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“I am a Canadian, free to speak without fear, free to worship in my own way, free to stand for what I think right, free to oppose what I believe wrong, or free to choose those who shall govern my country. This heritage of freedom I pledge to uphold for myself and all mankind.” ~~ John G. Diefenbaker

If you were buying a new car, would you want a KIA Soul ... a Honda Accord ... or a Lincoln? Would something else meet your needs, and what would that be? Those are questions to know first

Yesterday, the BC government announced that residents, ‘... who feel they are being gouged on their cellphone bills will have help with the appointment of a federal lead on telecommunications ...

They were doing this because, “... according to thousands of responses to a recent government survey, there is frustration, confusion and unhappiness with cellphone contracts and billing ...

As someone who worked in the industry for 5 years, and in retail sales for a very long time, I feel competent to make a few observations.

First ... there are good and bad sales people.  Not matter what the product or service, there will be exceptional people that are knowledgeable, and work very hard to qualify their customers to ensure they get the right product at the right price.  There are also those whose first concern is themselves and getting as much money as they can in commissions.  Then there are those in the middle who are simply order takers.  You lead the sales process and they simply do as you ask. 

A good sales person will take the time to understand your lifestyle, how (and what) you are going to be using your phone and the features it provides.  Will you only need calling that’s local ... Canada-wide ... International ... and the same thing for texting? That’s just the bare minimum.

Second ... no matter what the product being offered, there is a minimum price required to be profitable. 

Canada is a big country, and compared to many in the world, our population is thinly spread.  We also have areas with high mountain peaks.  Providing service means that Canada requires a much larger number of cellular towers than nearly every country in the world.  And you can well imagine, putting one up in the city, or flat terrain, would be relatively a reasonable cost – picture however trying to get people and equipment to some of the terrain in the Rockies?  It’s a big expense, and it needs to be paid for, and it is NOT cheap.

Third ... the quality of product will dictate, to a large extent, the cost of what you purchase.  Let’s use the Behr paint example of Good, Better, Best. 

If you want the newest and latest electronics, with all the bells and whistlers, it has to be paid for some way or other.  That is through the cost of service being provided by your carrier.  One the other hand, if you only need and require a basic phone – or one that’s new in the box but that was on the market a year or two ago – you’ll be paying much less.

I’ve seen a basic good quality phone for a couple hundred dollars ... the latest and greatest however from Google, Samsung, or Apple for example, are going to be well over a thousand dollars. The bottom line ... you’re paying for that.

Fourth ... THERE IS NO SUCH THING AS A FREE PHONE ... if you need to, refresh above on #3

While you may pay zero dollars, up front, the cost of your device, will be added to, and included in the cell phone service you pay for.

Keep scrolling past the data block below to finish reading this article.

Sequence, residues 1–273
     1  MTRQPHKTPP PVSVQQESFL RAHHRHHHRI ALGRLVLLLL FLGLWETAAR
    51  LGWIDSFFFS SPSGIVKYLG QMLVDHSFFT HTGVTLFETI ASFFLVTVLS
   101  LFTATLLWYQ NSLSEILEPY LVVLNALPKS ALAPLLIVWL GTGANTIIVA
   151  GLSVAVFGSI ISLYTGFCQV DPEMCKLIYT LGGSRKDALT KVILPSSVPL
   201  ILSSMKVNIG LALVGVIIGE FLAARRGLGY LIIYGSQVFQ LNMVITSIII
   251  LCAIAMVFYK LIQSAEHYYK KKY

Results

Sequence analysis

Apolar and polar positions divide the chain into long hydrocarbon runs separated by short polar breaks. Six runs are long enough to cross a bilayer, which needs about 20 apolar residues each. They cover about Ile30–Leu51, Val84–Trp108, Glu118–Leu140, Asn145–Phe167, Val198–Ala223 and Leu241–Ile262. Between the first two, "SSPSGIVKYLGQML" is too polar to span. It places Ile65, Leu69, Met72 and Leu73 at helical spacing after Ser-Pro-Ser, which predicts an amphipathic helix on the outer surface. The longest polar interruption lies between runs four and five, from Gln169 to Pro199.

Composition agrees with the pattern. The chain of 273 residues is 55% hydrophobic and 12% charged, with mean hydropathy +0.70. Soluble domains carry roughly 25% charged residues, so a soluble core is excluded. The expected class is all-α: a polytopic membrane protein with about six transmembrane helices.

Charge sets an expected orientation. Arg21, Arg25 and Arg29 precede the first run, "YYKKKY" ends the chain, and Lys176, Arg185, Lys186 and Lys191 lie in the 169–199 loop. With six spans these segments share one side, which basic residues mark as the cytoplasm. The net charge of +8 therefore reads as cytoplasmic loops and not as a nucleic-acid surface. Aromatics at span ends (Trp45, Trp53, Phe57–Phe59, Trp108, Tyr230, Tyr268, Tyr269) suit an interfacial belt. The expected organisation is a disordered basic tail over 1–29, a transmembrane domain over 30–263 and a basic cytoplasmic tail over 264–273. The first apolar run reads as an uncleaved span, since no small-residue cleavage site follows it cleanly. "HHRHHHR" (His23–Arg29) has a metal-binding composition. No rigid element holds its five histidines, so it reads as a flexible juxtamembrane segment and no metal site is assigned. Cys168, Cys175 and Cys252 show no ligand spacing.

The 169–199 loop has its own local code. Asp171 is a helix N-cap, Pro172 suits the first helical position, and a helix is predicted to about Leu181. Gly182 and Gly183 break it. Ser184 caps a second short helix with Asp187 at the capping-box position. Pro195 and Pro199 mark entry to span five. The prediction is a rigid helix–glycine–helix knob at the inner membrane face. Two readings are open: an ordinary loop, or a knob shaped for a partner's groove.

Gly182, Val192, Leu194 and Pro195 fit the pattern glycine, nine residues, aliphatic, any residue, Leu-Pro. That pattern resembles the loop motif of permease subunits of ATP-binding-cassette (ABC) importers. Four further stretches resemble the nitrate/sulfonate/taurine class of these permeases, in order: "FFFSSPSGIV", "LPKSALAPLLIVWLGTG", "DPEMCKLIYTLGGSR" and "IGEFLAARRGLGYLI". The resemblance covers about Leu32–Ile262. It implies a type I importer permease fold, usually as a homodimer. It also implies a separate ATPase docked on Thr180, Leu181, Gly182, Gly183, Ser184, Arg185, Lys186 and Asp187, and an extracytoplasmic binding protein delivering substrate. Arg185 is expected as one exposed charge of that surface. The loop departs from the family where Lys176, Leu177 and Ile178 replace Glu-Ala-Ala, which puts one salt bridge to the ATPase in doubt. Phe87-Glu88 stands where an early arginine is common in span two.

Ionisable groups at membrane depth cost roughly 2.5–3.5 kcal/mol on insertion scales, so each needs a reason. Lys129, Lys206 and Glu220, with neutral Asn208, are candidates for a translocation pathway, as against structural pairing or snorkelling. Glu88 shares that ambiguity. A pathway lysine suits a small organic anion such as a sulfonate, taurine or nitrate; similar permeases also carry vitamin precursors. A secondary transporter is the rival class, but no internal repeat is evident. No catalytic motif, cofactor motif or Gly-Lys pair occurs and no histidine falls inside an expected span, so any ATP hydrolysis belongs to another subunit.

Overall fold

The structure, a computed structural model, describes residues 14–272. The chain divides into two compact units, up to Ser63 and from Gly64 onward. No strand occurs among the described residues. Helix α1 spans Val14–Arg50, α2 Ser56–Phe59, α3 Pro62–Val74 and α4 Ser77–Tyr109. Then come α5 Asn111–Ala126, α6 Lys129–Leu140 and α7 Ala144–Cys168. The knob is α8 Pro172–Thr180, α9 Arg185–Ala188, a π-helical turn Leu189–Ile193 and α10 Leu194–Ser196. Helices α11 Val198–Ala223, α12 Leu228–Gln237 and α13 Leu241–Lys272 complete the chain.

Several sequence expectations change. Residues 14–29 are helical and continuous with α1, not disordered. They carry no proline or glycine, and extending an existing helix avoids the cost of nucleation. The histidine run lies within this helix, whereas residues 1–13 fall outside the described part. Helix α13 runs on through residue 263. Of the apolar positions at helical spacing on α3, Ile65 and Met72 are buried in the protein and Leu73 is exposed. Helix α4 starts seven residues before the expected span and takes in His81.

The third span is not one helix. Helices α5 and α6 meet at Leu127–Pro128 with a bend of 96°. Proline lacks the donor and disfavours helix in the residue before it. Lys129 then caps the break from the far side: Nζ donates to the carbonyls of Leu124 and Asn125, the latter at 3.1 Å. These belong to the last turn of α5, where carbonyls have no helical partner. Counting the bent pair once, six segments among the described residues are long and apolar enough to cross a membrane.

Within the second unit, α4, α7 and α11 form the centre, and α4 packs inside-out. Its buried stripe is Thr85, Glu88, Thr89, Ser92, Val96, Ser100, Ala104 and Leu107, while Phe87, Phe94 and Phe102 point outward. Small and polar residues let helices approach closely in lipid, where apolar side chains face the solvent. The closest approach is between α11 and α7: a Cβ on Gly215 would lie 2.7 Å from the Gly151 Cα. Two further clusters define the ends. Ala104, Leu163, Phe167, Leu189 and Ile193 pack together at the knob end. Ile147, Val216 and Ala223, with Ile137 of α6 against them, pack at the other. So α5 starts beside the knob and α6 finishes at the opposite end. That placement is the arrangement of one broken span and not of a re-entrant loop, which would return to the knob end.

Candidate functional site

Fifth ... we as consumers also have a responsibility for what we buy, purchase, and consume as customers.

Are you going to be attracted to, and want, the latest shiny bauble?  Do you need the newest phone with all of the latest technology?  Will a new basic model with the features you actually need be good for you? Do you just need a simple basic phone?  And importantly – how long will you be keeping and using your phone for?

If you are looking at service from a second-tier provider, with a lower price, how good will the service be?  Are there any restrictions?  After sales service?  Will it meet your requirements and needs? If the answer is yes, then it will be good value ... but if not, then you will not be satisfied. 

If you were buying a new vehicle right now, would you want a KIA Soul ... a Honda Accord ... or a Lincoln?  Would something else meet your needs, and what would that be?  Those are questions you would want to know BEFORE you went out to make the purchase.  

In other words, there is a responsibility we have in the transactions we make.

Don’t get suckered in by the shiniest brightest item on the shelf – don’t be taken in by the hard sell, walk away – and only buy what you need!  And make sure, especially in the case of a written contract / agreement with a cellular phone service provider, that they go over with you the costs associated with that service you will be receiving, and what any and all added costs will be.

Finally, I must say that this list of things to be aware of is by no means complete, and I am sure there is more you could add.  Feel free, in the Comments Section below.

As for the government, next steps for them will include engaging stakeholders in more focused discussions and undertaking a legislative review of BC’s consumer protection laws. As well, the Province will engage with Canada’s new government to advocate for better affordability and transparency in the federally regulated telecom sector.


Premier John Horgan’s letter to MLA Bob D’Eith, who will be advocating for the concerns of British Columbians, to the federal government:

Read the Cellphone Billing Transparency: What We Heard report:

Canadian Radio-Television and Telecommunications Commission Wireless Code:


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